Product-led SaaS businesses are global by default. In theory at least, customers from anywhere in the world with an internet connection can find your website and sign up for or purchase your product.
But what would the experience be like for them if they landed on your homepage right now?
Sure, you’d get some new customers — some might navigate their way through and sign up to your trial or make a purchase. But others would likely look for information in their local language, try to find pricing that makes sense to them, or look at what support you have available – before going elsewhere.
While the extra customers you do get might be a great bonus, think about the potential revenue you’re losing from those who didn’t find what they were looking for on your site. To avoid this and fully harness the growth opportunity presented by going global, you need to create a truly local experience for your prospects and customers, whoever and wherever they are.
At Paddle, we work with over 3000 SaaS businesses many of which have expanded internationally during their time with us. In this article, we’ll draw on learnings from them to help you know where and how to localize your product and buying experience to have the most impact on the growth of your business.
1. Sales and marketing
Localizing your sales and marketing touchpoints is key to help you attract (and retain) the right customers. That’s the customers that will realize the most value from your product and ultimately bring in the most revenue.
Just by displaying information on your website in local languages increases the chances of a consumer making a purchase by 72.4%.
Even more effective though is tailoring your message and adjusting your communications in relation to local preferences and privacy regulations.
Why? Because it removes a level of friction, helps customers understand your product more quickly, and helps prospects align their willingness to pay with their expectations of your product – reducing the likelihood of them churning soon after subscribing.
There are two ways to localize your pricing.
The first is simply by showing your pricing in your customers’ local currency. This is a purely cosmetic change – the actual price stays the same, it’s just converted using the latest exchange rates. Doing this helps customers understand your pricing and alleviates any worries about conversion charges. From our data, we see that:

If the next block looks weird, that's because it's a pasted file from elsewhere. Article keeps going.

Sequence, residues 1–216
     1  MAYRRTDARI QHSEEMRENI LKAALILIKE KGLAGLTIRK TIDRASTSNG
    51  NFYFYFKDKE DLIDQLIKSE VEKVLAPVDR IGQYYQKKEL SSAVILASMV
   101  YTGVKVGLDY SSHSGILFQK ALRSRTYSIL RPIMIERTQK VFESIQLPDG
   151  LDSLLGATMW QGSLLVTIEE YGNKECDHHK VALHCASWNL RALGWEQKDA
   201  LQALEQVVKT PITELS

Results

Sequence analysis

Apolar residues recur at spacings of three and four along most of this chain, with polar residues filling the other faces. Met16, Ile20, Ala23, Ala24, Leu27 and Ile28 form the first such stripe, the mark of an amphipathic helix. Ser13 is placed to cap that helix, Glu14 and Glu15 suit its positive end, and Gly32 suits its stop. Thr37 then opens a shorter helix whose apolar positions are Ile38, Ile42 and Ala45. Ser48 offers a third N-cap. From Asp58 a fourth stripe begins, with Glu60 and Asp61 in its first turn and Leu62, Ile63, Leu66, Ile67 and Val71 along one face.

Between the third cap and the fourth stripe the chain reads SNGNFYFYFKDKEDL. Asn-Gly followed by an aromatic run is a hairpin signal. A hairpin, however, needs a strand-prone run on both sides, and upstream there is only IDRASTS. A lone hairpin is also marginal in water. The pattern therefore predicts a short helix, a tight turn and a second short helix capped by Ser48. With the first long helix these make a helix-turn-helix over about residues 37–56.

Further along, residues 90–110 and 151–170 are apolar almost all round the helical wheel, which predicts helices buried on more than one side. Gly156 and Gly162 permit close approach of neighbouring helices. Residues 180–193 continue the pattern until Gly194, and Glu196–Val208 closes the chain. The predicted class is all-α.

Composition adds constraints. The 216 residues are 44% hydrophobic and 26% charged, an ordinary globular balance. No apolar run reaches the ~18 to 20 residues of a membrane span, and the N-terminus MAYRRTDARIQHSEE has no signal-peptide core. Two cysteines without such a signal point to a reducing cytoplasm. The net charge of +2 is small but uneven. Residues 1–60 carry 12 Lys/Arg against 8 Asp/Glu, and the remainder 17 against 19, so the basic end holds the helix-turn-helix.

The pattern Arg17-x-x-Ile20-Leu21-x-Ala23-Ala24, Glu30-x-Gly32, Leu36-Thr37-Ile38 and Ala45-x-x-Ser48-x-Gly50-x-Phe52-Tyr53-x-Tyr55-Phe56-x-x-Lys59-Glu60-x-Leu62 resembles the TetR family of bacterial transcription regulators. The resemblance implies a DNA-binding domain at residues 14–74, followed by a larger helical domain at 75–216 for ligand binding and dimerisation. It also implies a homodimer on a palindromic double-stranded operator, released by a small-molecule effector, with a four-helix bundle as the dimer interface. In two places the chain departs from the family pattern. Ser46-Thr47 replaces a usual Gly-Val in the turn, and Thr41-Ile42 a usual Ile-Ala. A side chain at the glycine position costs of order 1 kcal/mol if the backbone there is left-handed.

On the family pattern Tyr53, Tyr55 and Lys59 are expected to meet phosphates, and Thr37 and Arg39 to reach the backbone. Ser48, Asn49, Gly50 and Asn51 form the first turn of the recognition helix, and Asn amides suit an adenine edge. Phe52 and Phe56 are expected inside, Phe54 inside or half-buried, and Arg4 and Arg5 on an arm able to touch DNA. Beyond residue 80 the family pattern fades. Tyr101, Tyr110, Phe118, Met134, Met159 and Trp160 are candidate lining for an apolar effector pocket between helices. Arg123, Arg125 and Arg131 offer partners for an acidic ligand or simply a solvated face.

- Companies with multi-currency enabled have grown 7% faster than those without.
- Companies with two currencies on offer grew 13% faster in 2021 than those with only one currency option.
- Companies with 25+ currencies saw 25% higher growth than those with only one.
The second is what we call true localization and it involves changing your pricing based on willingness to pay (WTP) in different markets. Here, you should research the buying conventions and competitive landscape in the markets you sell — or want to sell — into, to determine how best to price your products in each region. Those that do this best also take into consideration the cost of living (or of doing business) and inflation.
While it’s more difficult, true localization will have the biggest impact on your overall growth.
Different markets have different local payment methods and preferred ways to pay. So, while a customer might see your pricing and be willing to pay, you could still lose them if they can’t pay via a payment method they’re used to.
For example, in China 81% of customers pay using AliPay, whereas in the Netherlands iDeal is the most popular payment method. In other markets, like Germany, PayPal is extremely popular for low-value transactions and in others, credit cards win out.
Our data shows that enabling local payment methods has a real impact on growth. Companies with at least one alternative payment method available grew 22% faster than those without one in 2021. Check out the impact on growth by payment method below:
Once customers have purchased your product, it’s crucial to help them get started and ensure they start experiencing the value from it as quickly as possible. For those selling internationally, this means taking the time to research your target market and creating an onboarding and in-product experience that’s both accessible and in line with local expectations.
This starts with translating your onboarding, in-product, and UX copy into local languages and extends to:
- Date and time displays (e.g., dd/mm/yy in the UK vs mm/dd/yy in the US)
- Script displays (e.g., left-to-right languages like Hebrew or doubt-byte languages like Japanese).
It also helps to work with native speakers in addition to translation or localization software as a way to quality check and smooth out the customer experience.
5. Customer support
Once you have international customers using your product, you need to consider how you will support them. Creating a local customer support system involves:
- Translating documentation, support articles, and FAQs so that customers can troubleshoot and self-serve their way to a solution.
- Providing prompt solutions across time zones so that every customer receives the same level of service, no matter where they’re based.
- Offering different ways to contact you to suit local preferences. In Asia, WeChat is popular, and businesses globally are starting to use Facebook Messenger and Whatsapp alongside traditional phone and email channels.
Going global = thinking local
The secret to going global is thinking locally and making sure that every customer gets the same great experience, no matter where they’re based.
To help you get started, we've put together a checklist with everything you need to localize your pricing and payment processes effectively. Download it here.